Okay. At this point I will open up the floor to questions from the audience if there are any, but while we are gathering any questions, I will log in another one here. So historically Mexico has under-punched versus all your other territories, there are some restrictions on a [top] side, but that seems to be loosening up. So what is your vision and what do you think has [an issue], what do you think has been sort of the impediment to growth in that region and what can you do to reaccelerate growth in the countries?
Yes, so this is something that continues to be an interesting and intriguing opportunity for us is the overall size of Mexican e-commerce. So when you look at most measures percentage of GDP, percentage of retail, you would expect Mexico to probably be plus 20%, plus 30% of our Latin American player and our Mexican business continues to be sub 10% for us. So we think there is still significant value in growth to be unlocked out of Mexico.
This isn't a competitive issue. We actually -- we believe our market share in Mexico is amongst the highest market shares we have. So it's probably a combination of factors. You addressed the telecommunication space in Mexico that historically has been less competitive and less efficient. There are probably issues around just the Mexican consumer and his propensity to buy online that eventually changes and I also think and this is somewhat counterintuitive, but the numbers do back this up that the more competitive market, so for example Brazil, we actually see more growth and a healthier marketplace because there are more players that are bringing offline consumers online.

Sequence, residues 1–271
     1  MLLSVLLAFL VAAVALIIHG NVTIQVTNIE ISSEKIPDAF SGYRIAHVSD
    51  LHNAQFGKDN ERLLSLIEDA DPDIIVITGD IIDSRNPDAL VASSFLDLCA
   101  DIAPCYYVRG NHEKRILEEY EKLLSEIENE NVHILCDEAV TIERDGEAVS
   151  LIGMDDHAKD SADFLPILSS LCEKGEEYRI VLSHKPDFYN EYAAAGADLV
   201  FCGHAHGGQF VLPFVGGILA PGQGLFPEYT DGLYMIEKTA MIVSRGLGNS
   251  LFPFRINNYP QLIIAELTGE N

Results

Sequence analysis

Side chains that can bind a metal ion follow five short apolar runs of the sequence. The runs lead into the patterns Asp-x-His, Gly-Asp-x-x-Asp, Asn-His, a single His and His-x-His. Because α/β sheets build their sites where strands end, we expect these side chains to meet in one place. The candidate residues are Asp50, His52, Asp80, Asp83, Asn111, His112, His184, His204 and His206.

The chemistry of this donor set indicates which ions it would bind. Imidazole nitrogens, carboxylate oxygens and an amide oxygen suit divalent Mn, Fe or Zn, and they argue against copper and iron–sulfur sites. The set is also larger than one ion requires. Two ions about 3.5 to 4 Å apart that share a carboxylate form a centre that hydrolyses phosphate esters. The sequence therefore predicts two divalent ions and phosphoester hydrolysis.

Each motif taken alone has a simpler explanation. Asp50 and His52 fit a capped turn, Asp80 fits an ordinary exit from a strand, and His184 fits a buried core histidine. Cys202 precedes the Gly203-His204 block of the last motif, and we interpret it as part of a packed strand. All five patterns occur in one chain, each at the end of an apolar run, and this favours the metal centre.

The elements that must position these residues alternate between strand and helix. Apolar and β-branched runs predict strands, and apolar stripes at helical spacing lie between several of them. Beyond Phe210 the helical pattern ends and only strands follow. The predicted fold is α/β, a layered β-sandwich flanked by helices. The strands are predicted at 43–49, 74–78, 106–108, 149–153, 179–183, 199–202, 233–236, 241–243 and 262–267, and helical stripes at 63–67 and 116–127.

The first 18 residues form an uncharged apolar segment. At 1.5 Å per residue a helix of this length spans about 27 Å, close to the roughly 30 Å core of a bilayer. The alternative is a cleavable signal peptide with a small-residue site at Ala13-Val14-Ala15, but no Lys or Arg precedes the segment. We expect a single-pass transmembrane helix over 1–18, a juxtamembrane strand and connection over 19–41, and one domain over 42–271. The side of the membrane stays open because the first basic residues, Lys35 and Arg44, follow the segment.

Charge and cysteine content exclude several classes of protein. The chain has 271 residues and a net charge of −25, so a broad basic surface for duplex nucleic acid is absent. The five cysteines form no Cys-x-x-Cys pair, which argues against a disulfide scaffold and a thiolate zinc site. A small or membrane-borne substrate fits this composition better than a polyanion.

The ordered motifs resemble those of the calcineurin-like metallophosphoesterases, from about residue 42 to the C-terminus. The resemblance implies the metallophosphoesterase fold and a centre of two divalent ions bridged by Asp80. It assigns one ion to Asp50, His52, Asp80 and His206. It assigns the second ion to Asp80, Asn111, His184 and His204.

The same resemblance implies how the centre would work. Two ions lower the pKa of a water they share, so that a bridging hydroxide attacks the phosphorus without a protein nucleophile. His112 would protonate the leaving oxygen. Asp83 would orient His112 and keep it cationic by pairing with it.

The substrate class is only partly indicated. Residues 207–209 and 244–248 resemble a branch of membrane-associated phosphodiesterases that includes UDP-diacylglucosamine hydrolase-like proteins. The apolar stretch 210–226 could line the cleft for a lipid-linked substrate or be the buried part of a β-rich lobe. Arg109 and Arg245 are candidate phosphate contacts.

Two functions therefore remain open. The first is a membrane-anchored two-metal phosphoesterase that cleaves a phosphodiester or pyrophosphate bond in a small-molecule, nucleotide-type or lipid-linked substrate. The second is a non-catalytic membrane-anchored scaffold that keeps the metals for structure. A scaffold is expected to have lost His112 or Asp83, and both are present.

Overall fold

And if you think about market share gains over the next three to five years the most significant market share gains that need to occur for our business continue to grow are actually gaining share from offline commerce to online commerce much more than gaining share from other online competitors.
And so I think the fact that in Mexico there really -- that aren’t that many other players aggressively promoting e-commerce is also part of the explanation as to why that's growing so slowly. So we remain optimistic. We think obviously e-commerce is something that will occur on a global basis and Mexico will not be an exception. Harder to tell when that inflection point occurs there, but it will occur.
Stephen Ju – Credit Suisse
Okay. Let's talk about the competitive landscape in Brazil for a second, so if I were a company that's looking to launch operations in Brazil, [Ricardo] is probably going to be one of the first places where I will try to poach potential engineers or any employees whom I know something about the internet. So what are you noticing in terms of the changing competitive dynamics there? Any sort of change in stance that you are sensing from Amazon or any of the other competitors who are already on the ground?
So I think there is two questions build into one there right. So when is just the overall competitive environment and then the other one is how does that affect our talent retention and let me split those out.
Brazil continues to be a very attractive e-commerce market and consequently obviously will attract more competitors. It's always been very competitive. We continue to see the most relevant and the largest competitors to be the Brazilian retailers and their online arms and I would say in addition to those are growing number of pure play online retailers that are rapidly gaining scale and doing a very good job of selling goods online and to a much lesser degree the efforts being made by the global players.